This book is the only comprehensive treatment of judicial decision-making that combines social science with a sophisticated understanding of law and legal institutions.
It is designed for everyone from undergraduates to law students and graduate students.
Topics include whether the identity of the judge matters in deciding a case, how different types of lawyers and litigants shape the work of judges, how judges follow or defy the decisions of higher courts, how judges bargain with one another on multi-member courts, how judges get and keep their jobs, and how the judicial branch interacts with the other branches of government and the general public.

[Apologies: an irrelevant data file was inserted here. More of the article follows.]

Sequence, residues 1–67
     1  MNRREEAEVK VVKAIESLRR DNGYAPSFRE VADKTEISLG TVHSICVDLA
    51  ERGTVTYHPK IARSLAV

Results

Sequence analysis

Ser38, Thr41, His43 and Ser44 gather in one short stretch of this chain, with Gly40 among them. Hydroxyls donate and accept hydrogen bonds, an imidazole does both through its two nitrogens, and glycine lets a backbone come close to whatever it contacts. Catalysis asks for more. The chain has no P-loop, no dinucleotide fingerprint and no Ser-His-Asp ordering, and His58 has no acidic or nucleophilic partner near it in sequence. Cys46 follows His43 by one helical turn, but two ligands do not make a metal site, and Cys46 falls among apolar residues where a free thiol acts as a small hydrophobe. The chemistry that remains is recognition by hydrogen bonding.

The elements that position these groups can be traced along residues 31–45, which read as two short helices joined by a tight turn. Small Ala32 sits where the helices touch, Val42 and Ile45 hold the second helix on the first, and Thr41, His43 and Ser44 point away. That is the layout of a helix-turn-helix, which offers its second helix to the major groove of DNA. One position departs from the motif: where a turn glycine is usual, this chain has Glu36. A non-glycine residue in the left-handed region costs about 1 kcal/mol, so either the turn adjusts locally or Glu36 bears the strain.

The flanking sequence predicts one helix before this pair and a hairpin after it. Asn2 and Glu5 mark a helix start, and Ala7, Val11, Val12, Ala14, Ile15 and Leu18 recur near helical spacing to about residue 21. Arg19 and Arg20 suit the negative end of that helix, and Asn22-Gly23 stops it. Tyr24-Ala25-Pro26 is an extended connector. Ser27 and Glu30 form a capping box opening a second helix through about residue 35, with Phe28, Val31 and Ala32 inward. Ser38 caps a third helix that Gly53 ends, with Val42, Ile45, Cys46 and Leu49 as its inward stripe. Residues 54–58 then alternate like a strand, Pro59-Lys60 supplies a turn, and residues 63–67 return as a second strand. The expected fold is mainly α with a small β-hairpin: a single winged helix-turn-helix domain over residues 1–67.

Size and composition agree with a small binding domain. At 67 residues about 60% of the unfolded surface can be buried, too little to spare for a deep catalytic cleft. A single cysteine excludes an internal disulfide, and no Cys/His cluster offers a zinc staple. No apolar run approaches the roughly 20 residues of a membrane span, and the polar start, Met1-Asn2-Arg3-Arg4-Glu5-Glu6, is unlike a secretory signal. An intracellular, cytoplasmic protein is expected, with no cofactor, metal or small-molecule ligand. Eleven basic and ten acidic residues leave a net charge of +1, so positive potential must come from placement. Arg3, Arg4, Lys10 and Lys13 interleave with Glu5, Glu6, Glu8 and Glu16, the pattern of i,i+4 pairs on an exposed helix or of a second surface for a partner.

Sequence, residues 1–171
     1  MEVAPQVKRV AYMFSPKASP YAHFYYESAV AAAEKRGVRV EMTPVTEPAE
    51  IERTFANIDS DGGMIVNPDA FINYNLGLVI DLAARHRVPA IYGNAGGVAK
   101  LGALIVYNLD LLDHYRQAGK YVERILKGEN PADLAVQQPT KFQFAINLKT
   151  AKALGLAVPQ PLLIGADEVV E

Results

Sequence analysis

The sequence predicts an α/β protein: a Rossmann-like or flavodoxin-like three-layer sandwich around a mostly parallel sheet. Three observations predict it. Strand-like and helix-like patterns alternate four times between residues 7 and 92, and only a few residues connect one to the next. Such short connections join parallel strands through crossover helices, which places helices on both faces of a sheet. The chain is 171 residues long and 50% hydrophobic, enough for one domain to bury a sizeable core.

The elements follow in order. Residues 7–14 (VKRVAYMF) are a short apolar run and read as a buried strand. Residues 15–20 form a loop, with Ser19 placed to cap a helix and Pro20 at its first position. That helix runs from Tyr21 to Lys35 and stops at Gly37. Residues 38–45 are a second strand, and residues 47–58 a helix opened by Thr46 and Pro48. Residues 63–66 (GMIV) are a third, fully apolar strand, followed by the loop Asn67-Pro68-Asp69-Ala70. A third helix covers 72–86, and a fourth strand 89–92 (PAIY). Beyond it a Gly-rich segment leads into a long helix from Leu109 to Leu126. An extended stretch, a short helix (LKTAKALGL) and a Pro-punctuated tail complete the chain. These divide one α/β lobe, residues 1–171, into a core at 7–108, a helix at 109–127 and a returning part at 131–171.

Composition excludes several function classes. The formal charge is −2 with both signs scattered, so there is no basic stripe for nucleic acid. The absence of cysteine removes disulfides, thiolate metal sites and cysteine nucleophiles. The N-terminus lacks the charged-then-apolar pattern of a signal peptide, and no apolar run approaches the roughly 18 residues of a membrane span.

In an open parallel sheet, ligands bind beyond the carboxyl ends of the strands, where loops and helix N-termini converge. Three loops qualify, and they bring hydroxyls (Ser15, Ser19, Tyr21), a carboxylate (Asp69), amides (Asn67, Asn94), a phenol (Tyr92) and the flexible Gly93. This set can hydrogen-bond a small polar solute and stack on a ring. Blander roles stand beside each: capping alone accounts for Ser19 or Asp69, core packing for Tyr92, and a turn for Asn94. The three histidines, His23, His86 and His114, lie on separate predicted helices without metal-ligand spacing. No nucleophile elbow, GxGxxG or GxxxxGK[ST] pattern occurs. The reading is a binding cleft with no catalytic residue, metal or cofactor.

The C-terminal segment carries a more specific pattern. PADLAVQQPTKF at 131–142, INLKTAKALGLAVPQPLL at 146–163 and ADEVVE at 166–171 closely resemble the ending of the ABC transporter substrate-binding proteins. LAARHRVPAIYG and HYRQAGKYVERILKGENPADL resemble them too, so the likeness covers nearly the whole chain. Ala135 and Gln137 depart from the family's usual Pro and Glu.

The book explains how these individual and institutional features affect who wins and loses cases, and how the law itself is changed.
It is built around well-known and accessible disputes such as gay marriage, women's rights, Obamacare, and the death penalty; and it offers students a new way to think about familiar legal issues and demonstrates how legal and social-science perspectives can produce a better understanding of courts and judges.